The easiest and most effective way to save is automatically. This is how millions of employees save through 401(k) and other retirement programs at work. It is also how millions of Americans save at their bank or credit union.
How to Save Automatically
The best automatic saving is when you make a decision to do so, then it just happens:
Every pay period, your employer deducts a certain amount from your paycheck and transfers it to a retirement or savings account. Ask your HR representative for more details and to set this up.
Every month, your bank or credit union transfers a fixed amount from your checking account to a savings or investment account. Talk to your local bank or credit union to set this up.
Why Automatic Savings Works
Over time, these automatic deposits add up. $50 a month accumulates to $600 a year and $3,000 after five years, plus interest that has compounded. Soon you will be able to cover many unexpected expenses without putting them on your credit card or taking out a high cost loan.
If you can’t afford to save even $50 a month, there are alternatives. Many banks and credit unions will transfer as little as $25 monthly from checking to savings and, as an added bonus, waive any monthly savings fees.
I Don’t Have enough Money to Save
But if even $25 is too much, just save your loose change. If every day you just put some or all of the loose change in your pocket or purse into a jar, and don’t spend it, you will find that in a year you will probably accumulate over $100.
Just saving loose change has persuaded many Americans that they are able to save. And when they become convinced that they can save, they find other ways to build an emergency fund or save for other goals.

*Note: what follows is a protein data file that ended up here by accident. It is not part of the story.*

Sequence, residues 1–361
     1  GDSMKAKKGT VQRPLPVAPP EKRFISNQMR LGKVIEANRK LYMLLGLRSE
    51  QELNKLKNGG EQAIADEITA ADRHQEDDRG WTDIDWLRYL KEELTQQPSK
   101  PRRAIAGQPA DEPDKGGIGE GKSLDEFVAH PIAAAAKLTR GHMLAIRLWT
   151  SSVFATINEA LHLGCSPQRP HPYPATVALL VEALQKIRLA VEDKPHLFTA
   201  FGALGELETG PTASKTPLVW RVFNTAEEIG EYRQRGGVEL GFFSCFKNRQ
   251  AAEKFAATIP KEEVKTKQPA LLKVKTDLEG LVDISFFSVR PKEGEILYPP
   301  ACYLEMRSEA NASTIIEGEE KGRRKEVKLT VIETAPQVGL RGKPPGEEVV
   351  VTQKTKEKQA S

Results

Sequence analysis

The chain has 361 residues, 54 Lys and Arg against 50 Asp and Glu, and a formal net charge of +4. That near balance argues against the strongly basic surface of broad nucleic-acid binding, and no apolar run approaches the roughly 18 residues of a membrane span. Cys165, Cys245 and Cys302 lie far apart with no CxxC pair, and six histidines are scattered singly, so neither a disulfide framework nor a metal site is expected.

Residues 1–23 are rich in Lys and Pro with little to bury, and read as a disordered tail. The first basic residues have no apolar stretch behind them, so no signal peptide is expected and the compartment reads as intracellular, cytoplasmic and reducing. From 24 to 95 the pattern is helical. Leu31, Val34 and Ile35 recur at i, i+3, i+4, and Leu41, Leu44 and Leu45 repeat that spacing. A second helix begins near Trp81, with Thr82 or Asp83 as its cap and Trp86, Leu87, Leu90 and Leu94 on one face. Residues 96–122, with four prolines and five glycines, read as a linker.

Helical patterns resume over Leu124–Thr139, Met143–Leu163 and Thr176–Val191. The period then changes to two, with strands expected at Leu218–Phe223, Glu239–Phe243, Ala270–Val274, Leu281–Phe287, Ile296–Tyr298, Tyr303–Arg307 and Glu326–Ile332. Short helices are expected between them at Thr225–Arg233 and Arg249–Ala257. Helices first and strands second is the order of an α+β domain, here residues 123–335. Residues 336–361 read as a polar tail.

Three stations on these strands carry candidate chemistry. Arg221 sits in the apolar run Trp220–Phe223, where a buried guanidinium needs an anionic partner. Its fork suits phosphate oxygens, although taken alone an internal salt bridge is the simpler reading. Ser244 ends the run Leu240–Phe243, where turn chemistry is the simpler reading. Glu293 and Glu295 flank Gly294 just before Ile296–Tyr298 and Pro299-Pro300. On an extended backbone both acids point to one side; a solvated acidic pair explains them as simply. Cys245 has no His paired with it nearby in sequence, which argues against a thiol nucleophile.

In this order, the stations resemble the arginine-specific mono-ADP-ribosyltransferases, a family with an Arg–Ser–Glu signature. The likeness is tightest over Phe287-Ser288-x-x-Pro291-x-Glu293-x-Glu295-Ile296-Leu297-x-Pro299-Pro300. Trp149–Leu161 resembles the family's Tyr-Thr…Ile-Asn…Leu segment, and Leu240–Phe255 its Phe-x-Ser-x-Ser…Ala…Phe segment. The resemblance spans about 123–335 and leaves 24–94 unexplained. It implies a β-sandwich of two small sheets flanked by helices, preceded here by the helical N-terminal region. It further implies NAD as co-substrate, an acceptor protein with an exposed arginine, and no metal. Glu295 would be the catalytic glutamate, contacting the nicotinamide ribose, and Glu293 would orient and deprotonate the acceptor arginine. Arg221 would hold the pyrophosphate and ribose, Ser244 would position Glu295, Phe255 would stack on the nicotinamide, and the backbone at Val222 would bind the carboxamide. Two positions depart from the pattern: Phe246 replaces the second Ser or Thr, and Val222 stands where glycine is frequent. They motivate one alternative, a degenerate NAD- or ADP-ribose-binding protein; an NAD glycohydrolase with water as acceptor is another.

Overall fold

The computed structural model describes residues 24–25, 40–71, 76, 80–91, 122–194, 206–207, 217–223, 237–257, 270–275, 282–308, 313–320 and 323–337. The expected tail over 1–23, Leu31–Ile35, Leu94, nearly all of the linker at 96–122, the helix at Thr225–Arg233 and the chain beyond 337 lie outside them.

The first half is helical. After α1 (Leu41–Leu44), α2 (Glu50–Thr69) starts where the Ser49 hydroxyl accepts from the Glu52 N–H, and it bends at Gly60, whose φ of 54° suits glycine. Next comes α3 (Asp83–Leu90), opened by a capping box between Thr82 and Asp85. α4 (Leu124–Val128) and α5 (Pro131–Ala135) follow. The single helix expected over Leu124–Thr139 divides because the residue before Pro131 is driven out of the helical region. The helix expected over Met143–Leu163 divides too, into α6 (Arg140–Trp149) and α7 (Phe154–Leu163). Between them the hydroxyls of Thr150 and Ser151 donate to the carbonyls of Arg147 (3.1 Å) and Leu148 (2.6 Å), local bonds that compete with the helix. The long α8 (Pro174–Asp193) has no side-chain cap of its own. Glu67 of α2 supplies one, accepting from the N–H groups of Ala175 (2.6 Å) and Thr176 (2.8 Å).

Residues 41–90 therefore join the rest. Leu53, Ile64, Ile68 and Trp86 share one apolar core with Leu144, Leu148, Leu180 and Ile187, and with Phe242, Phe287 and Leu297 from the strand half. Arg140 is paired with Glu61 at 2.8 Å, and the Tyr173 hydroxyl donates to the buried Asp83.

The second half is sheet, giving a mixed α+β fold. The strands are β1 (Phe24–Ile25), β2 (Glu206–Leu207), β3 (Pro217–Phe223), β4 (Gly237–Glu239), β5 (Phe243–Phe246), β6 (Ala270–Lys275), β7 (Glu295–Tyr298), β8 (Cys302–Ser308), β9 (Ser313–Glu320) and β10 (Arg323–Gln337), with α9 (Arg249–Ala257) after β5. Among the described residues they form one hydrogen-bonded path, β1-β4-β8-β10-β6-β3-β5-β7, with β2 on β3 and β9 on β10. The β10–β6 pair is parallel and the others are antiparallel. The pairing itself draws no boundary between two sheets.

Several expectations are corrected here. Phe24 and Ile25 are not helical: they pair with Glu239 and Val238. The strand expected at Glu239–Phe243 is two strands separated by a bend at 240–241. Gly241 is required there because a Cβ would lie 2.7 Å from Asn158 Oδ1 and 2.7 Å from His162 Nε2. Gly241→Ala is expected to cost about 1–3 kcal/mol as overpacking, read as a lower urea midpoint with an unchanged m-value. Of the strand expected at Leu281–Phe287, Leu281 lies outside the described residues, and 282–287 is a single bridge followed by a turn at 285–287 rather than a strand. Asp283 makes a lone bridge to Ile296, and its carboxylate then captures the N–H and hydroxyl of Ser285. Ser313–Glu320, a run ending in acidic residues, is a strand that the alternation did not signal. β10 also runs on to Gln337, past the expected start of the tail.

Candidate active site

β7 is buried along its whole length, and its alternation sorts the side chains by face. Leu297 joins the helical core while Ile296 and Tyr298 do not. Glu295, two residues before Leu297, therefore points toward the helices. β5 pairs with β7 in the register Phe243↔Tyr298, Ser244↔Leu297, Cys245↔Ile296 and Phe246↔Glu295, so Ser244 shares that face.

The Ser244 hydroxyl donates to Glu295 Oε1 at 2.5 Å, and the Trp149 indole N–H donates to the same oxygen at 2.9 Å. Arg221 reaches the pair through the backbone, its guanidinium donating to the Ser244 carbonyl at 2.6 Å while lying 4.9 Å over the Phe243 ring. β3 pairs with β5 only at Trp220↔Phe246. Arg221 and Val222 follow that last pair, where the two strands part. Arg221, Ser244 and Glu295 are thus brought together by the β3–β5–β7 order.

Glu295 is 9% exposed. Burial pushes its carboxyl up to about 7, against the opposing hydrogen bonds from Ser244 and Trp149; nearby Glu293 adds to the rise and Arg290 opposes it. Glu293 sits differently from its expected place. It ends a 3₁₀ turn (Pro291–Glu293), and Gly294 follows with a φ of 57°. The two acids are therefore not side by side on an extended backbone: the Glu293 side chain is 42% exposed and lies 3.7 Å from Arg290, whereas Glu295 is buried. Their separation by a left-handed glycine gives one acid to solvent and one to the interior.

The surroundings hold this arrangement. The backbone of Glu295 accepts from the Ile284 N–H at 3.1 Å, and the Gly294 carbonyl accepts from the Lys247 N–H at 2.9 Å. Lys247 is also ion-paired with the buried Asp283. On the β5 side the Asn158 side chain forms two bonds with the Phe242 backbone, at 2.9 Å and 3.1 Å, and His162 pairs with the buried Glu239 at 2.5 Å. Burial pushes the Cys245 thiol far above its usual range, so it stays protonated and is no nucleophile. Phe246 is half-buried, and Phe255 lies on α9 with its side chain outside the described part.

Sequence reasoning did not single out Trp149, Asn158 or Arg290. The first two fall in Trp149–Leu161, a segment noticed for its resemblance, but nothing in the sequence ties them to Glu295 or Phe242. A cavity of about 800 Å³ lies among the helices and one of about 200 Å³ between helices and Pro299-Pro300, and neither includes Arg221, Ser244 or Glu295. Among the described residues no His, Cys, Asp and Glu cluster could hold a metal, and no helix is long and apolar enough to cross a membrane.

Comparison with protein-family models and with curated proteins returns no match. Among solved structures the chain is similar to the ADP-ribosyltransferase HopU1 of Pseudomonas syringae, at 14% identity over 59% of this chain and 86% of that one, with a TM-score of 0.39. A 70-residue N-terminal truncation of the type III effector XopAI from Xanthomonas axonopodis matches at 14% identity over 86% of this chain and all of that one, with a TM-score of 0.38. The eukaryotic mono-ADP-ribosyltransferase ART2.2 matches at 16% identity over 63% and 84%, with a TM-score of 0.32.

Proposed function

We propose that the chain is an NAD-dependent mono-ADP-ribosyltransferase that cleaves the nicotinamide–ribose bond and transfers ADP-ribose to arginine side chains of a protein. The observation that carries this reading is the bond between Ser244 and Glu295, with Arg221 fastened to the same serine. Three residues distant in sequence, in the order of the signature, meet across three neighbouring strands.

Everyone has the ability to save. At America Saves, we say “Start Small, Think Big.” You can start with only $10 a week or month. Over time, your deposits will add up. Even small amounts of savings can help you in the future.
Save automatically. As millions of savers have learned, what you don’t see you won’t miss.
- See more at: http://www.americasaves.org/for-savers/save-automatically#sthash.uwp5xcJv.dpuf
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Join date : 2011-08-09
I personally know people in New Hampshire that had 401K's, and lost them due to a bad non business venture- The company that you have your 401K plan through, can use that money, with consent of the holder, and invest it back into the company, or other companies, or a non business venture, and IF the company folds up, or, goes bankrupt, you lose your money- One person that was employed at a lumbermill in upstate New Hampshire, in Woodsville,had over $56,000 built up over a number of years, and I knew him personally- He and I were very good friends- He came to my house, and asked me if he could talk to me about something, and I said, 'sure, of course', all the while, having tears in his eyes, and then he told me what had happened- I told him I was sorry that this had happened to him, and he explained that he was going to use the money to rebuild his house, shortly after his house had burned,and then he said 'now I'm screwed, because I had a plan to withdraw some money to do this', and this man was 56 years old at that time, and this was in 1997- So, think twice before putting your money in a 401K, there are viable alternatives, so I am asking that you be careful, and look into anything like that thoroughly before deciding what to do with your money- :shock:
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Join date : 2011-06-18
Age : 63
Location : Central Florida-
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